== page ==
Hull, 27, beganthis, his most contentious NHL season, on a cranky note. His summer was long onappearances—television commercials, hockey camps and banquets—and short on theoff-season activities at which he excels: golf, softball, vegetating. Theoff-season was truncated by the Canada Cup, in which Hull's performance forTeam USA was desultory, and his desire and attitude were questioned by hockeyobservers. "I don't need this," he grumbled after the series.

That grouchinesshad started a couple of weeks earlier, when the Blues lost their premierdefenseman, Scott Stevens, as compensation to the New Jersey Devils for havingsigned restricted free-agent Brendan Shanahan earlier in the summer. When thearbitrator, Judge Edward Houston, awarded Stevens to the Devils in a decisionthat heavily favored New Jersey, Hull was furious. "The fix was in," hesnapped, meaning that with his ruling, Houston was punishing the Blues forhaving signed a free agent and was thereby discouraging movement by future freeagents. Hull's remark reached the office of NHL president John Ziegler, who didnot smile. Take it back, said Ziegler. Hull did, in a statement that didn'texactly resonate with contrition.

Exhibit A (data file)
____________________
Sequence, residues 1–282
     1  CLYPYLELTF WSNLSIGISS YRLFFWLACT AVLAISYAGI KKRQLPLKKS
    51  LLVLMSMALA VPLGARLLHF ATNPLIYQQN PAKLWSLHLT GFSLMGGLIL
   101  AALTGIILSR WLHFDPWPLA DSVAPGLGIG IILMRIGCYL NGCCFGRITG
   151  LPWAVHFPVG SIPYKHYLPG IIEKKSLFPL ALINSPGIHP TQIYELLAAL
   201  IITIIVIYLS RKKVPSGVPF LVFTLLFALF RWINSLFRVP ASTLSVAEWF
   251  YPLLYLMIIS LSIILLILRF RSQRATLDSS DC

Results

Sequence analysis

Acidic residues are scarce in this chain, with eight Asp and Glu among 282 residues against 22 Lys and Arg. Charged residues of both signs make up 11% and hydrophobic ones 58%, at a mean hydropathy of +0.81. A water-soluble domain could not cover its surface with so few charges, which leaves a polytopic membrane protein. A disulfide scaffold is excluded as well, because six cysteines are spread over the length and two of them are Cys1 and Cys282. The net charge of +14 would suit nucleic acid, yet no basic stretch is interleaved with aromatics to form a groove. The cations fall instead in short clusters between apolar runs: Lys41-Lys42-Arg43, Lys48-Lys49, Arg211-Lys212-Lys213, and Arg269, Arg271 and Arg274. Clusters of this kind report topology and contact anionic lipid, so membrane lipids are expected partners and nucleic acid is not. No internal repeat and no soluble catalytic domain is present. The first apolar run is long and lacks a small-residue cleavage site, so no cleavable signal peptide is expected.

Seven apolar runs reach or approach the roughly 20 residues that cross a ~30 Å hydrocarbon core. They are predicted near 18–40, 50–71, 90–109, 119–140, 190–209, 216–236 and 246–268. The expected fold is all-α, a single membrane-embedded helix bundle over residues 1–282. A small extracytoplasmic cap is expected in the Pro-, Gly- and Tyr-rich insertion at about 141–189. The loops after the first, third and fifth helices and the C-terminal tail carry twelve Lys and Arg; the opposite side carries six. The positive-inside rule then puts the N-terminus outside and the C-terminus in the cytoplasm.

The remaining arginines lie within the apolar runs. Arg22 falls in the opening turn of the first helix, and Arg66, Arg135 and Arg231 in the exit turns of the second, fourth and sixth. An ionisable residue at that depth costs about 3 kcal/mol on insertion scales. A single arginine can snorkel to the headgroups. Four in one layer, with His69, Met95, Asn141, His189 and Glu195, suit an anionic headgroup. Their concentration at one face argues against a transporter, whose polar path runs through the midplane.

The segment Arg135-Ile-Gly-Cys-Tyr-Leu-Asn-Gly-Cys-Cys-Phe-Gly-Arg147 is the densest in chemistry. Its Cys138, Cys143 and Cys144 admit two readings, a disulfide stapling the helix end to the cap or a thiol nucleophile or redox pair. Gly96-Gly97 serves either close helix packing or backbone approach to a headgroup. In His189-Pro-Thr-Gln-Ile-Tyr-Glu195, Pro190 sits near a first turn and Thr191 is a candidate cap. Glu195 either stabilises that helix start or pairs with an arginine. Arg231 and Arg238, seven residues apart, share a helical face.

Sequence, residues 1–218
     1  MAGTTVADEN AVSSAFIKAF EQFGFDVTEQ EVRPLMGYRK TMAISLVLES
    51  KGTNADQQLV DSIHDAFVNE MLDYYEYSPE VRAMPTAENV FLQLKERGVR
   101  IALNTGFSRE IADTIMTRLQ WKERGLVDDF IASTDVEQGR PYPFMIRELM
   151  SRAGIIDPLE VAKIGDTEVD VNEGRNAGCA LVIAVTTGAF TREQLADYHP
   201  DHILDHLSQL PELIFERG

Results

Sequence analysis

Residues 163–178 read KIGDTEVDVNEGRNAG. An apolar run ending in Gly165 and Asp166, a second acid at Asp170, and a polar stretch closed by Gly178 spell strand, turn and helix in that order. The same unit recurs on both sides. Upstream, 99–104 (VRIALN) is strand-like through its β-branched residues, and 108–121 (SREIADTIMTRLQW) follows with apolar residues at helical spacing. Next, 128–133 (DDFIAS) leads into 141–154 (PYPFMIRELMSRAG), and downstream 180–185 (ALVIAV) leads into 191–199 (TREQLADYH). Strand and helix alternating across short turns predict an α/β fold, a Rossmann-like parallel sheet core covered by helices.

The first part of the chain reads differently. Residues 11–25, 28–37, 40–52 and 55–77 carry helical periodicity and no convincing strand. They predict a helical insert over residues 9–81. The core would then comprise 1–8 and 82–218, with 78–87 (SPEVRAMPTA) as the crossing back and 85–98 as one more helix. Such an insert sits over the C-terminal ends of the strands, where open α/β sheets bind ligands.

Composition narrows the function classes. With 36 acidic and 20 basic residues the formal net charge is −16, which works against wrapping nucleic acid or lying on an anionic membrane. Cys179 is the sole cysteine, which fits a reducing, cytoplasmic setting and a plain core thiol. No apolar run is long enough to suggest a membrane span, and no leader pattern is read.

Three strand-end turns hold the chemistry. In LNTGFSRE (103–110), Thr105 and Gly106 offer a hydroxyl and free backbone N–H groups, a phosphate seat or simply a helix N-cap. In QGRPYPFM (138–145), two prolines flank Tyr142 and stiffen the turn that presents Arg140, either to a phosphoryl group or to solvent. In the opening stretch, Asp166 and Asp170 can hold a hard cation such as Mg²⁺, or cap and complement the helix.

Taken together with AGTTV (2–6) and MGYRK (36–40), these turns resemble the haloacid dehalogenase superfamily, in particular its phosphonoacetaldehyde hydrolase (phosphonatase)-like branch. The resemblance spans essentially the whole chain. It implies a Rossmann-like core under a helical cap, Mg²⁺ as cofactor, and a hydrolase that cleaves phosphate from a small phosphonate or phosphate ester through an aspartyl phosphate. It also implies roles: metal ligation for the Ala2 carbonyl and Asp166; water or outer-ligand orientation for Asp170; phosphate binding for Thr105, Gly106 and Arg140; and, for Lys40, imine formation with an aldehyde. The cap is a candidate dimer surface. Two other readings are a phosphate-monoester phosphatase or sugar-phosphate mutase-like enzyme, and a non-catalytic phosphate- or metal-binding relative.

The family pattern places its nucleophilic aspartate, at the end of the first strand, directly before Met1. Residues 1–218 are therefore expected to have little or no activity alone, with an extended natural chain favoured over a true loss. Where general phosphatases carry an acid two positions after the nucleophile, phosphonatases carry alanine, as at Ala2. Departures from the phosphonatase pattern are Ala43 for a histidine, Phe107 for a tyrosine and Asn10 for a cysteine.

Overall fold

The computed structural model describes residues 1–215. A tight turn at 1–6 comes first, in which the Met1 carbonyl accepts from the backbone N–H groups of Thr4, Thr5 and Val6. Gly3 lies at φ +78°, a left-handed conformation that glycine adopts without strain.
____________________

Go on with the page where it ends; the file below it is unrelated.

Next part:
When Hull openedthe regular season with a whimper—three goals in eight games—the sports talkshow sniping in St. Louis began in earnest: Hull, in the second year of afour-year, $7.1 million contract, had become fat and happy. Last season was afluke. Hounded by the opposing team's top checkers every night, he wouldn'tcome within a two-line pass of 86 goals, which he had in 1990-91.

Forty-six goals,six hat tricks and six game-winning goals later, Hull has muzzled his critics,even as he has confounded the gimmick defenses of Blues opponents. Half theteams that St. Louis plays assign a player to shadow Hull. When he is shadowed,Hull often skates into the low left circle, occupying two skaters, the tail anda defenseman. That opens the ice for a teammate. "Brett never getsfrustrated, never loses his cool," says Buffalo Sabre shadow ColinPatterson. "He knows his scoring chances will come."

Many of hisgoals, though, are coming at a cost. Hull is taking more hits than ever."But it's cool," says Blues tough-guy Kelly Chase, "because Brett'sstarting to give it back."